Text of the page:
Clinical evidence demonstrates that low fiber intakes put people at risk of chronic constipation. However, there are also other reasons to encourage fiber consumption in children, say the researchers.
"For example, fiber has been shown to lower cardiovascular risk in adults," said study leader Dr Sibylle Kranz, assistant professor of nutritional sciences at Penn State University.
"Children who eat high-fiber foods are more likely to grow up into adults who consume adequate fiber," she added.
The researchers also found that children who consumed the most fiber had the most nutrient-rich diets.
Reported in the February issue of the Journal of the American Dietetic Association (vol 105, no 2), the study estimated dietary fiber intakes based on two-day averages of 5,437 children whose parents provided information in the 1994-1996 and 1998 Continuing Survey of Food Intake by Individuals conducted by the US Department of Agriculture.
The researchers conducted separate analyses on the two and three-year-olds and the four- and five-year-olds and compared them.
The younger children had, on average, a higher fiber intake than the older children. The two and three year olds, whose fiber intake placed them in the top quarter of the sample, met the new National Academy of Sciences Dietary Reference Intake level of 14 g total fiber per every 1,000 calories for all ages based on evidence for reduced cardiovascular disease risk at that level.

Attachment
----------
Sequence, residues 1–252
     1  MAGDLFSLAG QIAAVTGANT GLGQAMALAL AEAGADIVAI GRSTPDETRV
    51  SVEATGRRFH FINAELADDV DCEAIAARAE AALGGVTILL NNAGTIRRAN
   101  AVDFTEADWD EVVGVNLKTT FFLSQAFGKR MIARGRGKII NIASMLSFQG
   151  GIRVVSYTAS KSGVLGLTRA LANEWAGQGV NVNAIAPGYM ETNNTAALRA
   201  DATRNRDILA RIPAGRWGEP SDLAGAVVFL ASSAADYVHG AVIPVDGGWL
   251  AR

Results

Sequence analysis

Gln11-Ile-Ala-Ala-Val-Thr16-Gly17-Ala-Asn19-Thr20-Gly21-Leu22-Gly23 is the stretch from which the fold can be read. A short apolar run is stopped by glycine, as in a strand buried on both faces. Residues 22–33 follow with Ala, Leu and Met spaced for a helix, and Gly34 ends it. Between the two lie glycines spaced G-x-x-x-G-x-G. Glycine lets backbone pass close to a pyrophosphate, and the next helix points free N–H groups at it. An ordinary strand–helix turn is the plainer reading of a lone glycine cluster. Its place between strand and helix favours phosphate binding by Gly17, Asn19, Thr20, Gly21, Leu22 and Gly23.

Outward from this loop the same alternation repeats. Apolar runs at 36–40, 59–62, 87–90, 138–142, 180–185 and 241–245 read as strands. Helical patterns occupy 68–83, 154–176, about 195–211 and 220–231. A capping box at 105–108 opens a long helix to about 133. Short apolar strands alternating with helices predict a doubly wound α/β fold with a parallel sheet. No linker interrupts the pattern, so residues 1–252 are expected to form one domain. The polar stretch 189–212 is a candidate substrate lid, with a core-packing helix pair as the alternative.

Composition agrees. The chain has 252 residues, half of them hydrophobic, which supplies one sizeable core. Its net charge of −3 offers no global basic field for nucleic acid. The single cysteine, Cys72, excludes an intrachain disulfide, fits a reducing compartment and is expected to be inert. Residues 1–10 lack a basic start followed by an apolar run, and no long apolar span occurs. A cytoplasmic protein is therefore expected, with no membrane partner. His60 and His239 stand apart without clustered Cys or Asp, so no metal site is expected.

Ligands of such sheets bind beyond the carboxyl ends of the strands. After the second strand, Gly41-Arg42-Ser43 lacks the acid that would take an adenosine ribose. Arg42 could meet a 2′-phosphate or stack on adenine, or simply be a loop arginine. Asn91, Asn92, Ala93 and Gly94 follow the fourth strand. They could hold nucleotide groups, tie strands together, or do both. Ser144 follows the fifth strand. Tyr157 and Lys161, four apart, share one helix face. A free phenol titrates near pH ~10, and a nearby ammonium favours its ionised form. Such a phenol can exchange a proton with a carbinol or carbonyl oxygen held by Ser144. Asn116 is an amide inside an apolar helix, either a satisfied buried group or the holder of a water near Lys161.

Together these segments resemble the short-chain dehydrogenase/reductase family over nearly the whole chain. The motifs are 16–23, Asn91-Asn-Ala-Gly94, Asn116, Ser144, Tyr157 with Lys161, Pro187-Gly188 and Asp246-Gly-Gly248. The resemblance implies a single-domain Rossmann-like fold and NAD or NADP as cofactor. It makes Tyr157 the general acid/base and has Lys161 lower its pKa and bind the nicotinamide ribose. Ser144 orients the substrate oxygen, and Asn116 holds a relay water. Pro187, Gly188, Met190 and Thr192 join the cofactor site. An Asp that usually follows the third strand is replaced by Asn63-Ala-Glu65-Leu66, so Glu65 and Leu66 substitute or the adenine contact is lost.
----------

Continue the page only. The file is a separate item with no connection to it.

The main fiber sources consumed by the children were low-fiber fruits, such as applesauce, legumes and high-fiber cereal. Other low-fiber, low-nutrient foods that contributed very small amounts of fiber to the children's diets included pizza and other high-fat, grain-based mixed dishes and high-fat salty snacks such as chips.
High-fiber vegetables and fruit, which should be a major source of fiber, were consumed in too small quantities to contribute to the total average fiber intake, said the researchers.
"An easy substitution to get more fiber into their diets is to change to whole-grain products and high-fiber cereals," said Krantz.
Resarch by Productscan last year suggests that food companies are increasingly trying to market the benefits of fiber. The percentage of new food and beverage products making high fiber claims in North America has been stuck at around 2.5 percent for the past four years, but a new survey by the firm revealed this figure had increased to 4.2 percent in 2004.